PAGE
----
Japan Sencha Kagoshima

Sencha from the prefecture of Kagoshima, a region located at the southern tip of Japan. In the cup it gives a golden green color and in the mouth it is fresh and decidedly less astringent than normal Sencha.


Prepration Tips
Use 4-4.5gr per cup
Boil water to 70-75 Celsius
Brew it for 1, 1:30, 2 min
Multiple Brew: 3 times

Japan Sencha Kagoshima tea is the most widely produced type of tea in Japan. Around 70% of the tea processed in Japan is traditional Sencha.

Tea leaves for Sencha can be harvested at different times of the year and includes a lot of post-processing that actually in fact characterizes very different teas.

But not only that; Sencha is cultivated in many different areas of Japan and each area has its own special and characteristic Sencha tea.

In Kagoshima prefecture, different Sencha teas are harvested and processed.

Sencha Kagoshima first flush is a tea harvested in spring. It therefore has a fresher, more herbaceous aroma and flavour.

The leaf is bright green rolled very well and uniform in appearance. The aroma has the characteristics of a quality Sencha: freshly cut grass, fresh, intense, pungent. With a slight briny aroma reminiscent of seaweed.

How to Prepare Sencha Kagoshima Tea

Sencha Kagoshima tea is very easy to prepare. It also forgives the mistakes of neophytes and is not particularly astringent. It can also be brewed in cold water.

We recommend an initial infusion with 75° water for about 2 minutes and then continuing with further infusions by slightly increasing the infusion time.

The recommended amount is 4 or 5 g per 175 ml (cup).

History of Kagoshima Tea

Although it is not clear when tea cultivation started in Kagoshima, but history suggests that in 1319 and 1320, the chief priest of Uji began growing tea at Yoshimatsu temple, Kagoshima. Perhaps it was the first time tea has been grown in Kagoshima.

Later in in Satsuma Province, people began growing tea under the Satsuma clan’s guidance during Edo (1603 to 1867).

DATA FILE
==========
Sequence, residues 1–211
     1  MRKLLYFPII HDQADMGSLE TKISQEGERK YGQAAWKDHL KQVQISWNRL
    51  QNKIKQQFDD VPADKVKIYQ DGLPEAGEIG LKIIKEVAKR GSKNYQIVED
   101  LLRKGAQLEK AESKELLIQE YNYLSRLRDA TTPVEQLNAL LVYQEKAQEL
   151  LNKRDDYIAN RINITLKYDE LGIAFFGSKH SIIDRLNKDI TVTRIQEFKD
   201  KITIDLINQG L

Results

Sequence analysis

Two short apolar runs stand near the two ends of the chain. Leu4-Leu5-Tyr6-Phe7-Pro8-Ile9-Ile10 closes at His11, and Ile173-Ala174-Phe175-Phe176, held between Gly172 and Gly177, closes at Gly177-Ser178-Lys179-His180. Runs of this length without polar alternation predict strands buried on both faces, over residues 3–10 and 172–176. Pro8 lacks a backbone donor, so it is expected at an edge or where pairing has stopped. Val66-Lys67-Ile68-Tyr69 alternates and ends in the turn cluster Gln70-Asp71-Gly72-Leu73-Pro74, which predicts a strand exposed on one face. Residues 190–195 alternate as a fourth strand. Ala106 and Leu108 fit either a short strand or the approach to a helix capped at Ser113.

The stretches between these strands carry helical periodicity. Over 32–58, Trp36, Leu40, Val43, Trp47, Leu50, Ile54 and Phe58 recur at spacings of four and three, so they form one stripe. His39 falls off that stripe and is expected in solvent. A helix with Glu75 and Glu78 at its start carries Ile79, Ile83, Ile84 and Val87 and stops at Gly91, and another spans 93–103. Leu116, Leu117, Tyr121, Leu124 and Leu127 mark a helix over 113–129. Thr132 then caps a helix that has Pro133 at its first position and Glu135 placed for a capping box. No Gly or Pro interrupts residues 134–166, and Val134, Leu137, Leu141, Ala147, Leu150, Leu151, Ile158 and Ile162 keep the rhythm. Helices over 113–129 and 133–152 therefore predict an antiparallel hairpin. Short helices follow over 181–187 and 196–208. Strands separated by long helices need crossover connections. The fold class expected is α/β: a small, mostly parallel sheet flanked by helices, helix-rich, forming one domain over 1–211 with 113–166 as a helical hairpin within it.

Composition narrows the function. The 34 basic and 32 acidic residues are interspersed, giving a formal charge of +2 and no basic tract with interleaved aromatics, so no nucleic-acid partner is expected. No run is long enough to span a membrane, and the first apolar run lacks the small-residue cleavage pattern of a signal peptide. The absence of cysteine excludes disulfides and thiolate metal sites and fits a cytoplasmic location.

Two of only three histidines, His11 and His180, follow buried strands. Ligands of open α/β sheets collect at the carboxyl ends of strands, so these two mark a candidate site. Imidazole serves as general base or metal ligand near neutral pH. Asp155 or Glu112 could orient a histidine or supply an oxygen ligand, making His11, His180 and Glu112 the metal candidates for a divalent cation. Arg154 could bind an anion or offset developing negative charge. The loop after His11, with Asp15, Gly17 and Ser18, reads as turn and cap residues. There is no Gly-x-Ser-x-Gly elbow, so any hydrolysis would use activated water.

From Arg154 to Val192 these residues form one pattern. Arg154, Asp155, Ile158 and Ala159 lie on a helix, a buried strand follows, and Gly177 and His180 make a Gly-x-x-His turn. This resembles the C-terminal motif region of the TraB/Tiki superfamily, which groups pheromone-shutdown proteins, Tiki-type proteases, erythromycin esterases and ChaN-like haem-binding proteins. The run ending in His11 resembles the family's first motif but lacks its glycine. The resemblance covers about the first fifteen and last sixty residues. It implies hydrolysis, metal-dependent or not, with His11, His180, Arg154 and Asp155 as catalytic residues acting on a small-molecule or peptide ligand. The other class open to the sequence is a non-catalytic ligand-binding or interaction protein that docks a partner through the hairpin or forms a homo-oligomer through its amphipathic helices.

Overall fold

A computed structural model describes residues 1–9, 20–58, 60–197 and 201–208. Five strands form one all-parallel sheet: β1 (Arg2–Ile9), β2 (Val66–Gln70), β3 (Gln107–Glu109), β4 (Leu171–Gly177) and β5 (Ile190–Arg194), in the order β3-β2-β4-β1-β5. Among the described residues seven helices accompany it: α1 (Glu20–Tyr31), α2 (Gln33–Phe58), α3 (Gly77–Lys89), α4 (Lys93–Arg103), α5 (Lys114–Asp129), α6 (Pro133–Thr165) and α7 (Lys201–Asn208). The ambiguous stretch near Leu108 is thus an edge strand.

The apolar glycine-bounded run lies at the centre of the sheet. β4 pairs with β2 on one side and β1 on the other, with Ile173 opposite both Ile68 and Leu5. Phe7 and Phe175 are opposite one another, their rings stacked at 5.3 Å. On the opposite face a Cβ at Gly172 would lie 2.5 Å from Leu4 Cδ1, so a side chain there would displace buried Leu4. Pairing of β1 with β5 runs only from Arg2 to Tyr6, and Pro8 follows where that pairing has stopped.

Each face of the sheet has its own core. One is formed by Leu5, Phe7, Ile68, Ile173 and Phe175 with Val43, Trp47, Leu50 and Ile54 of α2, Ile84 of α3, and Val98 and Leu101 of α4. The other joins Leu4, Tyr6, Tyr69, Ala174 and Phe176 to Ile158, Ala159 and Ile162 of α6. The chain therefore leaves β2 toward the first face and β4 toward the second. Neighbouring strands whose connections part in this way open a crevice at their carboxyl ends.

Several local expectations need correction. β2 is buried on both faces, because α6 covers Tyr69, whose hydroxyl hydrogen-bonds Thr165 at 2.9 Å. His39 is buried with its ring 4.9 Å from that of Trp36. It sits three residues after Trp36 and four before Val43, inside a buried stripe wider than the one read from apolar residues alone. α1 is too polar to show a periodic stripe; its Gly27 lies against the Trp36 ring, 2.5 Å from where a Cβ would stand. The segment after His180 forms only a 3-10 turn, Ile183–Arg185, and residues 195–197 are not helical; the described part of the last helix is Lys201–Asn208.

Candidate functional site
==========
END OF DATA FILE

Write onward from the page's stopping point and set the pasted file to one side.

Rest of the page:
In those days, tea plantations were concentrated in the northern part of Kagoshima, between Akune and Yoshimatsu. The majority of tea was grown on ridges between rice fields and hedges.

With the country’s opening up, tea production for export became more active, and many tea plantations were established.

An association of tea producers in Kagoshima was established in 1887 to improve the quality of tea produced in the 19th century.

English tea was also grown by tea farmers between the 1870s and the 1950s, but it failed to take off. The liberalization of black tea imports in 1971 and the arrival of much cheaper imported black teas led to the collapse of black tea production in this region. As a result, green tea production took over and expanded.

Kagoshima Prefecture: An active Volcanic Area

Kagoshima is one of the most southern prefectures in Japan, located at the southern tip of Kyushu island. Due to its active volcanoes, this area has a nearly subtropical climate and volcanic ash enriched soil.

Kagoshima prefecture is home to an array of active and dormant volcanoes, including the gigantic Sakurajima, which towers out of Kagoshima bay.

There are almost daily small eruptions from the caldera, punctuated by steady streams of smoke and ash. And on its active days in Kagoshima city, the use of an umbrella is recommended for warding off the ash.

Tea Types Cultivated in Kagoshima

Kagoshima tea plantations use a wide variety of cultivars. While Yabukita is a dominant cultivar throughout Japan, in Kagoshima it only makes 32.3%, followed by Yutaka Midori (27%) and Saemidori (13.1%).

Sencha Kagoshima and Bancha are the most famous teas of this region. However, there has also been an increase in matcha production in recent years.

Moreover, Kagoshima has become one of the leading producers of organic tea in Japan.

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